Thursday, 21 February 2013

Extinct species #4; Eskimo Curlew.


Eskimo Curlew, Numenius borealis.

Formerly considered conspecific with Little Curlew N. minutus. Now considered to be a montypic species forming a superspecies with Little Curlew. IUCN red list considers this species to be Critically Endangered.

History: The history of this species is well documented and has been made famous beyond scientific and birding circles in the book Last of the Curlews by Fred Bosworth. It was an abundant migrant prior to 1850 breeding in the central Canadian Artic tundra and wintering in the southern cone of South America. It migrated in huge flocks through North America where it encountered humans and was hunted in huge numbers. Some reports claim that so many birds were killed that piles of many hundred were left to rot while fresher victims were sought. However it is also thought that hunting alone was not responsible and that some natural factor may have been at work which was exacerbated by the relentless killing. The population didn't recover after the hunting stopped leading scientists to suspect habitat loss in both North and South America may have played its part.

Specimen number 1891.10.20.1032. Collected 02/04/1889 Brownsville Texas.
Left lateral view.
There have been records only sporadically up to the late 1980s with the last confirmed report being in 1963; it may still hang on somewhere although it seems unlikely as it always migrated through areas that are well watched these days. There was a report of a nest in 1992 but that is now thought to have been Hudsonian Whimbrel N. hudsonicus. It has not been confirmed on the wintering rounds since 1939.

Specimen number 1891.10.20.1032. Dorsal view.
Extinction: Officially considered Critically endangered on the IUCN red data list as not all potential habitat has been surveyed although if a population does persist it will be very small indeed.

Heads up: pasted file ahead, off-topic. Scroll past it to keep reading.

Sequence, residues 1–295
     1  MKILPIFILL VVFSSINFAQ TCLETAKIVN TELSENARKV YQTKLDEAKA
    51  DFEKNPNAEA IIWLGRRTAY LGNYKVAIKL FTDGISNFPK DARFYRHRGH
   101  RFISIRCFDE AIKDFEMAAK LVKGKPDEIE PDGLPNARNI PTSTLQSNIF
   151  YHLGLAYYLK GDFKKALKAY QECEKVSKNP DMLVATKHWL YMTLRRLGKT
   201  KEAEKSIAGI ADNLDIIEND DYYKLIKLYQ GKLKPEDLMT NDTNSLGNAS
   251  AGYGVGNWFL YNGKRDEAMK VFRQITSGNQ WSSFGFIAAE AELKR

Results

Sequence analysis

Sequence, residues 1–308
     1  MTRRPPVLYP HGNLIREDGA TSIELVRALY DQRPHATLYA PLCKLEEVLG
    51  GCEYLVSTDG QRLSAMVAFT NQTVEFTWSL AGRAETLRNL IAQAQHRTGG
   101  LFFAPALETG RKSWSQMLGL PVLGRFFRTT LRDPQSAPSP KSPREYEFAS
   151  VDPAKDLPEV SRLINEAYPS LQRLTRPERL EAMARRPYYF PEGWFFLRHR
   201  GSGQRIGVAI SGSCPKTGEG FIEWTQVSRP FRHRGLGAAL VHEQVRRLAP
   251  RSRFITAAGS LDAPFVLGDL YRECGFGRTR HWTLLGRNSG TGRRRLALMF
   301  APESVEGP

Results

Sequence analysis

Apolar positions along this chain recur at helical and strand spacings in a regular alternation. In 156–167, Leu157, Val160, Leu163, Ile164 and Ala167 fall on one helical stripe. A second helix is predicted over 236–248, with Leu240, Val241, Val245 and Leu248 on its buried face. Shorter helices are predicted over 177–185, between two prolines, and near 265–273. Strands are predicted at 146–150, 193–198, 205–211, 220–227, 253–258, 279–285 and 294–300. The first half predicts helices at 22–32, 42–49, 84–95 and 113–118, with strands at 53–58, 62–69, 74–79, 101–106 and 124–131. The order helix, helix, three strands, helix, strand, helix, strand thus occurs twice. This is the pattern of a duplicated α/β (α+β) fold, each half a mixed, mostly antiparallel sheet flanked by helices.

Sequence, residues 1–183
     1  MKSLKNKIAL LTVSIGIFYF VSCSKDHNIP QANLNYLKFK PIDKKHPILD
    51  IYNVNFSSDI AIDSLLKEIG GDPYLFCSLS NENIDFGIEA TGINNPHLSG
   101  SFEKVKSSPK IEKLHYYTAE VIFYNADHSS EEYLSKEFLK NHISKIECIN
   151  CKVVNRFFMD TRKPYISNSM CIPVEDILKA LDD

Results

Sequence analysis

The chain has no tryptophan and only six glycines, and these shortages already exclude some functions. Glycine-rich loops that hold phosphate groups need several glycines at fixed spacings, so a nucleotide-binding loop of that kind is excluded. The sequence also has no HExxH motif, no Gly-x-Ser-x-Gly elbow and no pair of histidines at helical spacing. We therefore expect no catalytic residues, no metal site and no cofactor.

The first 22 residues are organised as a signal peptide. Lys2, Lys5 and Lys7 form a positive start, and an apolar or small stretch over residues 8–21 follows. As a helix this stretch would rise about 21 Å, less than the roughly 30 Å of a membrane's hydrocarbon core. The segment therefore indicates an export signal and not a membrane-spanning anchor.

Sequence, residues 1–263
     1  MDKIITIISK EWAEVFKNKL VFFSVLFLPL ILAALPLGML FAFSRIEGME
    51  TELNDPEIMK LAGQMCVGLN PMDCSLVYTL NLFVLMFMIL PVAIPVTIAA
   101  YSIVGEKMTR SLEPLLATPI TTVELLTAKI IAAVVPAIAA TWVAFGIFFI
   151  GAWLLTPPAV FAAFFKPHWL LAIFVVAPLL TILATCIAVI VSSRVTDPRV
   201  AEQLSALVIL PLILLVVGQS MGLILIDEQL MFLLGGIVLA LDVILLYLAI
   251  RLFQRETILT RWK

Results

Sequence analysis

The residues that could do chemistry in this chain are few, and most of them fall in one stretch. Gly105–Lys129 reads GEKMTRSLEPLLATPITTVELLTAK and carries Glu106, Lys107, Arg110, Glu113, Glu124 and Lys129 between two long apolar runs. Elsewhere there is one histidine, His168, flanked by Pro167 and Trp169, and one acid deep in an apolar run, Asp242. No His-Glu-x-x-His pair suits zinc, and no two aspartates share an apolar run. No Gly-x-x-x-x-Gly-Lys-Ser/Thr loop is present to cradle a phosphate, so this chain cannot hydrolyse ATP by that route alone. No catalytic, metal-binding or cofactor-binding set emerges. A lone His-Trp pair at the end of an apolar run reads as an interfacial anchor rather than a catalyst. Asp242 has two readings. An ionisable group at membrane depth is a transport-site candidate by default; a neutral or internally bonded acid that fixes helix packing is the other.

Specimen number 1891.10.20.1032. 45° left ventral view.

Quite clearly the mass slaughter of these birds was a major factor in their steep decline, however, when their hunting was outlawed in 1916 there was no recovery of the population. At that time the prairies were altered so drastically that it is thought that this prevented any recovery and added to the situation faced today where the bird is almost certainly extinct. In 1962 photographs were taken of a single bird on Galveston Island in Texas and the last known and confirmed wild bird was collected in Barbados in 1963.  Since then only unconfirmed reports have been made up to around 2006.

Specimen number 1891.10.20.1032. Head detail.

References:

del Hoyo, J., Elliott, A. & Sargatal. J. eds (1996) Handbook of the birds of the world. Vol. 3. Hoatzin to Auks. Lynx Edicions, Barcelona.

Birdlife International (2013) Species factsheet: Haematopus meadewaldoihttp://www.birdlife.org/datazone/speciesfactsheet.php?id=3008  Downloaded from http://birdlife.org on 19/02/2013.

Wikipedia 16/02/2013: http://en.wikipedia.org/wiki/File:Live_Eskimo_Curlew.jpg The last photograph is available at this link.

Additional reading:

Last of the Curlews Fred Bodsworth.

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